Kubernik: Bones Howe on Elvis

      The '68 Comeback Special (at the time titled Singer Presents…ELVIS) originally aired on December 3, 1968 and was a pivotal broadcast event that upped-the-ante on Elvis' career, the evolution of pop culture and the history of television.

    Elvis Presley entered 1968, that heartbreaking year, as barely a blip on the radar screen of a generation wallowing in a purple haze.   Luxuriating high above Sunset Blvd. in Trousdale Estates, he gave little thought to the kandy-colored hordes marching up and down the neon Strip content to placate his remaining fans with star turns in such disposable drive-in fare as Clambake. Presley was still issuing movie soundtrack albums but garnering nowhere near the sales figures of a smash hit like Blue Hawaii

       In 1968, Steve Binder conceived, directed, and produced ELVISThe ‘68 Comeback SpecialTV Guide called this landmark event “the second greatest musical moment in television history next to the Beatles' debut on the Ed Sullivan Show.” Engineer and record producer Bones Howe was Binder’s partner in the Presley endeavor.

    While Col. Tom Parker Presley’s manager continued to lobby for a traditional “Christmas” show, Presley bonded with Binder and Howe, who he had worked with in Hollywood years earlier.

    Dayton “Bones” Howe, a soft-spoken, jazz-loving, Southern gentleman, came to Los Angeles from Georgia in 1956. He quickly settled his rail-thin frame (hence, the nickname) behind the mixing console at Radio Recorders Studio, serving under principal engineer Thorne Nogar on some the young Presley’s breakthrough hits. 

     Over the next decade, Howe became one of the most celebrated engineers in the music industry, working on albums by Ornette Coleman, Jack Kerouac and Lenny Bruce as well as recording a parade of Top Ten singles from Timi Yuro, The Mamas & Papas, and Johnny Rivers. Howe then produced The Association, The Turtles, The Monkees, and The 5th Dimension. The West Coast sound was as much a product of his panoramic vision as it was the worship of cars, girls and warm summer breezes.  In this collaboration with Binder, Bones Howe was poised to take on his greatest challenge.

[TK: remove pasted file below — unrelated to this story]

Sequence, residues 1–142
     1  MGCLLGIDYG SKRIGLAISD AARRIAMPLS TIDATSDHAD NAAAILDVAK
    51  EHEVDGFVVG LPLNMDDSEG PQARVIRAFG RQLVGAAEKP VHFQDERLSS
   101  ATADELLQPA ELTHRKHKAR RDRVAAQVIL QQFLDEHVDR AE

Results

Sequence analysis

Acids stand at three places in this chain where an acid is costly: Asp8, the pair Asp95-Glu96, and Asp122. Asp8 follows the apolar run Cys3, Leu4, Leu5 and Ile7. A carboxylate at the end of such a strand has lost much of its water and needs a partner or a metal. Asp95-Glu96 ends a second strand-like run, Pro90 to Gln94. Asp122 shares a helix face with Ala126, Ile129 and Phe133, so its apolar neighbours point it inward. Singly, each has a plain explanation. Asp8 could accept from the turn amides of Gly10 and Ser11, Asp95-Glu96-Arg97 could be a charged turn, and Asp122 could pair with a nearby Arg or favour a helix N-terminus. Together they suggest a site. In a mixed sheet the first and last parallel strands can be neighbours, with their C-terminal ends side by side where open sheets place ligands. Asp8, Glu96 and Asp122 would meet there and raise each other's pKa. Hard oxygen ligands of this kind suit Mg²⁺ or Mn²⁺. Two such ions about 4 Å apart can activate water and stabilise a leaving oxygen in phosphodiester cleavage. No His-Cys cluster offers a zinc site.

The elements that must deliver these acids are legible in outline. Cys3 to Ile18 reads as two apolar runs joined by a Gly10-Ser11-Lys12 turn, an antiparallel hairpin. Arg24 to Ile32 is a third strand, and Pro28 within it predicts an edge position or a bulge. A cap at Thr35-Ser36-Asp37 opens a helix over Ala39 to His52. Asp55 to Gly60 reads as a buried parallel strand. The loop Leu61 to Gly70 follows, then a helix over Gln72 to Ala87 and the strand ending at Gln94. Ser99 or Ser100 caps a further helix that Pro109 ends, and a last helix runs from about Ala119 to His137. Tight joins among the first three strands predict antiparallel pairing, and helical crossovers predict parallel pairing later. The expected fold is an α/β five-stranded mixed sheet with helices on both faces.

“The first time I saw him was at the Florida Theater in Sarasota, Florida when I was in high school. He was a young country singer. He performed between movies,” remembered Howe in a 2008 interview we conducted for my book Turn Up The Radio! Roc, Pop and Roll in Los Angeles 1956-1972 published by Santa Monica Press.  

   “I first did some work with Elvis in late 1956 and early ’57 in Hollywood at Radio Recorders. He drove out from Tennessee in a stretch Cadillac with DJ and Scotty with the gear in the back seat. They became out to record with Steve Sholes, the A&R guy who was responsible for signing them on to RCA Records. He brought them to Hollywood to record them. RCA was doing all their recording in those days at Radio Recorders. I did some session with Thorne Nogar. Thorny was very good to me and took me under his arm. I was a recordist and he asked me to do some sessions with Elvis. Elvis could never get his name right so he called him Stoney.

     “In Hollywood I saw Elvis with his buddies. It was the first time anyone ever heard of block booking a studio for a month. We never had to tear it down. We could leave the studio at night. I worked on ‘All Shook Up.’ Elvis never stopped moving in the studio. He recorded everything live. In those days you didn’t separate people so everyone was in the same room. Direct to mono when we started. The two-track that we did on Elvis had his voice on one track and everybody else on the other track. When we started with Elvis there was no stereo. He could sing a ballad. He could imitate anybody. Mention a singer and he would imitate them. ‘Fats Domino.’ You would turn your back and you thought Fats was in the room. Elvis would come in with Hill & Range music publishers and Elvis would record only their songs.

    “The Colonel never showed up or came to the studio. Maybe once to get some paper signed. Elvis ran the session and Steve Sholes ran the clock. ‘OK Elvis. That’s 2:14.’ ‘Sounded good in here. Want to listen?’